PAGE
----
This morning, I took all the weekend's muffins and scones to the soup kitchen. I swear, they seem heavier after they've been in the freezer. I don't remember much about grade-school science, but is ice heavier than water? Maybe the moisture molecules freeze... or maybe it was just early morning and my arms were tired.
Then I went to the coffee shop, which was packed. I ordered an iced coffee and breakfast bagel, and I paid ahead for a random stranger's coffee. The cashier - a new girl who is really, really into the soup kitchen donations - got confused and charged me for the coffees and a muffin that was sitting on the counter (costs less than a breakfast bagel). I had already paid, so she told me not to worry about it - woo hoo! Discount breakfast bagel! Except... after I paid, we discovered the muffin belonged to the woman in line behind me. So instead of having the cashier charge the woman for the muffin, I told her to consider the muffin paid, and to ring up the breakfast bagel separately - so I paid for my breakfast and this woman's, plus a random coffee. The woman was surprised and pleased. It was a bit more than I planned on spending, but it seemed like a perfect spontaneous opportunity.
Later, I went to the plaza where I buy cat food and, most Tuesdays, bread to take to the soup kitchen on Wednesday. I hemmed and hawed, because I felt like I shouldn't be spending the money, and I'd already given one material gift today, etc. But something pushed me to do it, so I did. And the clerk there gave me an extra stamp on my "frequent buyer" card, so that was nice.
I want to keep stretching myself, though I'm also aware that I don't want to get into a mindset where I'm giving as an ego boost to myself (i.e., I don't want to start thinking, "Gee, I'm such a giving person," because I think that negates the purpose of giving.) So far, I haven't seen myself that way, but a recent experience with someone else reminded me that we often don't see our own ego at work. And I wondered if maybe buying the bread was a bit of an ego-thing, like "I have to do more!" I also notice - brutal self-disclosure here - that sometimes I'll tell people about the Challenge to get them involved, and sometimes, I suspect, it's because I want them to think well of me. That was kind of mortifying to realize, but at least now I know. The latter tends to happen when I'm feeling insecure or like I need to justify what I'm doing (either to myself or to someone else). Don't get me wrong - I don't go around talking about it all the time, but it was just something I noticed.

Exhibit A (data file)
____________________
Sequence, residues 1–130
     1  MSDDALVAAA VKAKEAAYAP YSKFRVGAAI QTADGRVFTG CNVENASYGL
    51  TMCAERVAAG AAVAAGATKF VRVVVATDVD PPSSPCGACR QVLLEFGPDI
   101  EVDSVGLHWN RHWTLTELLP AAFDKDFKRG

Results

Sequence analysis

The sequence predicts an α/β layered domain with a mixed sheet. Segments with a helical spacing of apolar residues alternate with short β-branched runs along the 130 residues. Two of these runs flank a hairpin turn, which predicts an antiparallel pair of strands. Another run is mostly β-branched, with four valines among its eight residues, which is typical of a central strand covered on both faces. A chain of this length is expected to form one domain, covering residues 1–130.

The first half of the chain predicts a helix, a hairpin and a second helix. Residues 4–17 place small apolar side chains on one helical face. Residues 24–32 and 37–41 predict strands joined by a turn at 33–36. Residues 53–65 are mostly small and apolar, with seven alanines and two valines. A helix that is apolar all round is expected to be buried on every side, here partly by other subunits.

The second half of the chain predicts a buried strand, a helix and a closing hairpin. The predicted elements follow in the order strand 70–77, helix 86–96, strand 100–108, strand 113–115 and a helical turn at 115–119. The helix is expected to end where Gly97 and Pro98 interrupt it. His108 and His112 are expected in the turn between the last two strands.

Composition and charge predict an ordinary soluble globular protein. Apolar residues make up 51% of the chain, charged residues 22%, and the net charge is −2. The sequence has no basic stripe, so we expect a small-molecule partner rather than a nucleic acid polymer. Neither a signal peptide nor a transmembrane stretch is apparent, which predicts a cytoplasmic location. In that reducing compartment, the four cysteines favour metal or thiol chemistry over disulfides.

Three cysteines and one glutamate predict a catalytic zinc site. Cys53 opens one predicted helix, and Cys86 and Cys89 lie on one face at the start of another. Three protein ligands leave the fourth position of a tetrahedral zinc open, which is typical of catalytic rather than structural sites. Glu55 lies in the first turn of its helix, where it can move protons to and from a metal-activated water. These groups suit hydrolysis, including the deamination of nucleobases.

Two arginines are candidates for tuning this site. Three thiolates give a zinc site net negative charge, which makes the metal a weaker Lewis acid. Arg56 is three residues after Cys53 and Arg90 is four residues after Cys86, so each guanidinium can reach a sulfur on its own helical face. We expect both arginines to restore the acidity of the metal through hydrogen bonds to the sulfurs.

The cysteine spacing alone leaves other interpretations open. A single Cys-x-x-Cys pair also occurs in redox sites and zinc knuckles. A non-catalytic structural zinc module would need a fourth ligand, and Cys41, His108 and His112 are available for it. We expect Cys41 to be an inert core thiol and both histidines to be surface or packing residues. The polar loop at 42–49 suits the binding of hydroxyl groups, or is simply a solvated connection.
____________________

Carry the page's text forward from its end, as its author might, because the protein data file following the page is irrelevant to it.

Then there's the issue of "if I give more, I'll receive more." This may or may not be true. It's irrelevant. And I have to remember that, because if I give out of anxiety, then that negates the energy giving.
Last but not least on today's self-evaluation: I suspect the coffee shop owner has been making smaller batches since I've begun taking the leftovers to the soup kitchen. The first few weeks - before she knew about it - there were always at least a dozen items each day. Then, suddenly, there have been none or one (except on Saturdays). I don't deal with her directly; she has a notorious temper and rages out at all the clerks (but she does make awesome baked goods!). My theory doesn't really make sense; until I began doing this, the clerks threw out the day-olds, so why should she care? Maybe it really has been super-busy the past few weeks? Or maybe this is all my imagination. Anyway, it began to frustrate me today - and then I had to stop and think. This is a place that's giving me their leftovers to take to the soup kitchen. Period. I don't work there. I don't even spend a lot of money there (and I do spend a lot of time there - A/C and wifi). They're doing me (and the soup kitchen) a favour. And sure, from a business perspective, if you know you're making more than you can sell, then you'd want to make smaller batches. It was a bit of a comeuppance for me, noticing my "giving entitlement" mindset.
As a famous Buddhist teacher says, "Self-awareness isn't necessarily good news." :)
I received my income tax assessment today (in Canada, you file and then a month or so later, you receive a notice confirming what you owe; you then have three weeks to pay before incurring interest). I didn't freak out, which is huge progress. I stayed pretty calm. I've paid off much of my arrears (the original Financial Situation), as well as the Unexpected Situation. But it was a little disheartening to see that, just when I'd gotten the original one down to an amount I could pay off in 12 months, it's now back up to (low) five figures. On the bright side, it's still less than 1/3 of what I originally owed. I intend to pay it off and become current, though - as has been the case all along - I'm not yet sure how or when. But I do believe manifestation follows intention. Somehow, I will be able to pay it completely.
Thanks for bearing with this lengthy self-reflection. I think, going into my second year of conscious giving, I need to push myself both to give in new ways and to keep tabs on my motivations and intentions. It's easy to give complacently or by rote, as I discovered around Round 8. And it's easy to give out of panic. But maintaining the original intent - getting out of my head and giving from the heart to brighten another's day - that's the challenge (no pun intended).
Hope you all had a good Tuesday. Cheers!